human ways are truly human only through this contact with God. And since, before this transfiguration, God is unknowable to us, we can know God only through this transfiguration of man, as man is truly man only at the moment he surrenders himself to this dialogue of love by losing himself in God.” • Fr. Gerald Vann, O.P.: “Transfiguration is not something we can achieve; it is something which only he who is mighty can bring about in us…. There are times when action is irrelevant, impertinent, a nuisance; but deeper than that, the activity which is in fact essential, the daily tasks and struggles, the taking up of the daily cross, all this is of value only in so far as we are led to it and in it by the Spirit, that Spirit on whom we are dependent for the kindling within us of the divine fire, the transfiguring love.” • Hans Urs von Balthasar: “Everything conflicting and raging within us is melted together in the crucible of the Creator’s might. I thank you that everything in us which is ambiguous and which, therefore, gleams seductively, is reconciled in You and beams with the redemption that makes two into one. You transfigure enigma and replace it with mystery.” • Jacques Maritain: “If people remain in the world of their sentimental egos, they do not understand each other. Let them touch the beautiful, then contact is made, souls communicate.” • H. D. Lacordaire: “When God appears, when he deigns to come to us, it is manifest that, at the first glance, there should be in his appearance something exclusive of doubt…. As soon as he appears, every intelligent being…should bend before him and exclaim: It is God!” • Msgr. Luigi Giussani: “It is the exceptionality with which the figure of Christ appears that makes it easy to recognize him. It corresponds—unexpectedly!—to the needs of your heart in a way you could never have imagined or predicted. The exceptional is, paradoxically, the appearance of what is most natural for us.” • Msgr. Luigi Giussani: “Within the man to whom Christ draws near and who freely desires and accepts the relationship with him…his nature as a man changes….In the life of the Church, Being, God, the Word made flesh, Christ communicates to man the gift of a more profound participation in the origin of everything. In this way, man remains man but becomes something more. Man within the Church, is offered a ’supernatural’ participation in Being.” 5. Examples from the Saints and Other Exemplars • Example of St Maximilian Kolbe: The Nazi jailers who witnessed the condemned Fr. Kolbe in the starvation bunker praying, singing, and comforting the others there with him were heard to remark, “That is a man.” • Example of St. Elizabeth of Hungary: “When she was coming from private prayer, some religious men and women often saw her face shining marvelously and light coming from her eyes like the rays of the sun” (Conrad of Marburg, her spiritual director—from the second reading of the Office of Readings for the memorial of St. Elizabeth of Hungary).
• Example from The Cloud of Unknowing: “Contemplation seems to transfigure a person even physically so that though he may be ill-favored by nature, he now appears changed and lovely to behold” (ch. 54). • Example of St. Francis taming the very fierce wolf of Gubbio in The Little Flowers of St. Francis, ch 21—a story about how grace perfects and transfigures nature. • Example from a film: Enchanted April is a striking tale about how three miserable women become radically transfigured by love and beauty at an Italian villa called San Salvatore; the last shot of the film says it all–a walking stick–no longer needed by a character who was formerly lame–is stuck in the ground and blossoms into a magnificent tree. 6. Quotations from Pope Benedict XVI • “The Transfiguration only renders visible what is actually taking place in Jesus’ prayer: he is sharing in God’s radiance and hence in the manner in which the true meaning of the Old Testament—and of all history—is being made visible, i.e., revelation. Jesus’ proclamation proceeds from this participation in God’s radiance, God’s glory, which also involves a seeing with the eyes of God—and therefore the unfolding of what was hidden…The entire person of Jesus is contained in his prayer.” • “The essential events of Jesus’ activity proceeded from the core of his personality and this core was his dialogue with the Father…. Only by participating in what is most personal to Jesus, his communication with the Father, can one see what this most personal reality is; only thus can one penetrate to his identity.” • “When one has the grace to sense a strong experience of God, it is as though seeing something similar to what the disciples experienced during the Transfiguration: For a moment they experienced ahead of time something that will constitute the happiness of paradise. In general, it is brief experiences that God grants on occasions, especially in anticipation of harsh trials. However, no one lives “on Tabor” while on earth. Human existence is a journey of faith and, as such, goes forward more in darkness than in full light, with moments of obscurity and even profound darkness.” • “The Transfiguration invites us to open the eyes of our hearts to the mystery of God’s light, present throughout salvation history. At the beginning of creation, the Almighty had already said: ‘Fiat lux - let there be light!’ (Gn 1: 2), and the light was separated from the darkness. Like the other created things, light is a sign that reveals something of God: it is, as it were, a reflection of his glory which accompanies its manifestations. When God appears, ‘his brightness was like the light, rays flashed from his hand’ (Heb 3: 3ff.)…. In the New Testament, it is Christ who constitutes the full manifestation of God’s light. In our time too, we urgently need to emerge from the darkness of evil, to experience the joy of the children of light!” • “The beautiful is knowledge in a superior form since it arouses man to the real greatness of the truth…. Being struck and overcome by the beauty of Christ is a more real, more profound knowledge than mere rational deduction.”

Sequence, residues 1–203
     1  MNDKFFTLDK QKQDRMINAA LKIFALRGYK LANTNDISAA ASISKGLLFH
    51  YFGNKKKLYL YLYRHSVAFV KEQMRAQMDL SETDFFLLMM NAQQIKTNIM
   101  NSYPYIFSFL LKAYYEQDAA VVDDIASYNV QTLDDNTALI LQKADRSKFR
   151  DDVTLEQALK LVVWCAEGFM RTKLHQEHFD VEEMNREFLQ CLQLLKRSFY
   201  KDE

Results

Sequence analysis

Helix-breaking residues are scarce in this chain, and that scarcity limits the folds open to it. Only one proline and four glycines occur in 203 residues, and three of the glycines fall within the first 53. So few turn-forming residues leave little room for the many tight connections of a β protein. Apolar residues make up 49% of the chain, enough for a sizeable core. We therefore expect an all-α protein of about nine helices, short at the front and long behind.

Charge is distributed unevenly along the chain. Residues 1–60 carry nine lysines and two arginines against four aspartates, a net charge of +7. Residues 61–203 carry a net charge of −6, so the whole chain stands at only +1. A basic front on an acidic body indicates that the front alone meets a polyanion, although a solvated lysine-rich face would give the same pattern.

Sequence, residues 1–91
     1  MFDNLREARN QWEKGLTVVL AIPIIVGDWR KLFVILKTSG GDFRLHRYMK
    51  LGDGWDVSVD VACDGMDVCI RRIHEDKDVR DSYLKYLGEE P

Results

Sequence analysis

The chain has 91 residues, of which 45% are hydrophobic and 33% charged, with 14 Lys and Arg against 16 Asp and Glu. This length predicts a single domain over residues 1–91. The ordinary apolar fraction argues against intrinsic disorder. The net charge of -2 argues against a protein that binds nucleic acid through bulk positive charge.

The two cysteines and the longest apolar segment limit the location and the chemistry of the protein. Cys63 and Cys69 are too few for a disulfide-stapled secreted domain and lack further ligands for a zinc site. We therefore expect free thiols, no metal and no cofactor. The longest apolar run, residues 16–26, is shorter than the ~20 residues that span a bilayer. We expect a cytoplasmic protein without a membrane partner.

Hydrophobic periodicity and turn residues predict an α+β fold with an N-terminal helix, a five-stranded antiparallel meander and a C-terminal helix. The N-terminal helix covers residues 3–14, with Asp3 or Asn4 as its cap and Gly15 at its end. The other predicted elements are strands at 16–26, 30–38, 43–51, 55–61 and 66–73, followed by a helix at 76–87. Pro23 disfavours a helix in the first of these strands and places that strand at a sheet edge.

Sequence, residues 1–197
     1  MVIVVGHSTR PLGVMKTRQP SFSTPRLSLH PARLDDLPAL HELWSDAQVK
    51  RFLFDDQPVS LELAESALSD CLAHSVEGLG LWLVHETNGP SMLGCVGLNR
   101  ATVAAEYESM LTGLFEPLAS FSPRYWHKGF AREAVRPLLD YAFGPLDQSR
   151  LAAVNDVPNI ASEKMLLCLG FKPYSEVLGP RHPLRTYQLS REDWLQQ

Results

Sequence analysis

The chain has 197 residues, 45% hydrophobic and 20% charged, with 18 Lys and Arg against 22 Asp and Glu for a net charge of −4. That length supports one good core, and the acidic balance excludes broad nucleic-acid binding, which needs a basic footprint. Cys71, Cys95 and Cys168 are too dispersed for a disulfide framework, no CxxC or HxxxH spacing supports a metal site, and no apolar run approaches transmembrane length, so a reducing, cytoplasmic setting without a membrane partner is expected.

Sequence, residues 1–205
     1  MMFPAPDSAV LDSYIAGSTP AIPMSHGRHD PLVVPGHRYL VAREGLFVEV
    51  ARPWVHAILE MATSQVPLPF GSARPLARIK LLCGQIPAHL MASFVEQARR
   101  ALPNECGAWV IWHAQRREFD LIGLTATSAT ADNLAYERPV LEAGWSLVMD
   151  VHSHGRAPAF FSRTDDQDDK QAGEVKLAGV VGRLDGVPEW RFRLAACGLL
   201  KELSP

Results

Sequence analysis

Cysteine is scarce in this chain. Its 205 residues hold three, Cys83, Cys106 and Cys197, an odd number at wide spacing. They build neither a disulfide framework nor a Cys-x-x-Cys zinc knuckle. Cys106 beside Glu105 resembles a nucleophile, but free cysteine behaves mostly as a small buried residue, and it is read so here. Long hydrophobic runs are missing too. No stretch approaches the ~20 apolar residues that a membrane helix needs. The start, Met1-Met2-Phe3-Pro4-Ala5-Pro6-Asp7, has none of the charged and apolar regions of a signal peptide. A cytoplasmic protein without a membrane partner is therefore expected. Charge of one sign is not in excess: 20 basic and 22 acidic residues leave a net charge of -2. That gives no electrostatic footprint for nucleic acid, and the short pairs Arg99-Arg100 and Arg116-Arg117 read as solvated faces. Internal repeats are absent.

• “The encounter with the beautiful can become the wound of the arrow that strikes the heart and in this way opens our eyes, so that later, from this experience, we take the criteria for judgment and can correctly evaluate the arguments.” • “My life is tending toward the will of God, that is to say, toward a life more closely in agreement with truth and with love. It’s not a matter of doing something to please God…. Accepting that nothing finite can be my goal or determine the direction of my life, but that I myself must pass beyond all possible goals…. God always takes up exactly what seems unimportant and shows himself to man in what seems like a speck of dust…. Thus God always corrects our standards of judgment.” 7. Other Considerations The mystery of the Transfiguration is meant for us. It is a testimony to what happens to humanity when it is totally one with the Father. The transfiguration reveals the possibility of our configuration to Jesus Christ. “Good must be shown to us in order that we may yield to the inclination that bears us toward it” (Louis Lavelle). God who dwells in inapproachable light in the Transfiguration appears in the form of light so that we will approach him and, in that light, see the possibilities for our own life. Thus, the event of the Transfiguration serves as a kind of mirror in front of us that beckons: Become what you behold! The Transfiguration stands as a continuation and perfection of the mystery of Epiphany in which magi were led to the manifestation of Christ by the light of a star…but now Christ himself has become the star that draws us to himself, to his Passion, and to the realization of the otherwise impossible possibilities of our life. Recommended Resources: BENEDICT XVI, POPE, Benedictus: Day by Day with Pope Benedict XVI Yonkers: Magnificat, 2006. CAMERON, PETER JOHN, To Praise, To Bless, To Preach: Spiritual Reflections on the Sunday Gospels—Cycle C Huntington: Our Sunday Visitor, 2000 RAYA, JOSEPH, Transfiguration of our Lord and Saviour Jesus Christ Combermere: Madonna House Publications, 1992 TOAL, M.F. Editor, The Sunday Sermons of the Great Fathers Swedesboro: Preservation Press, 1996 VON BALTHASAR, HANS URS, Light of the Word San Francisco: Ignatius Press, 1993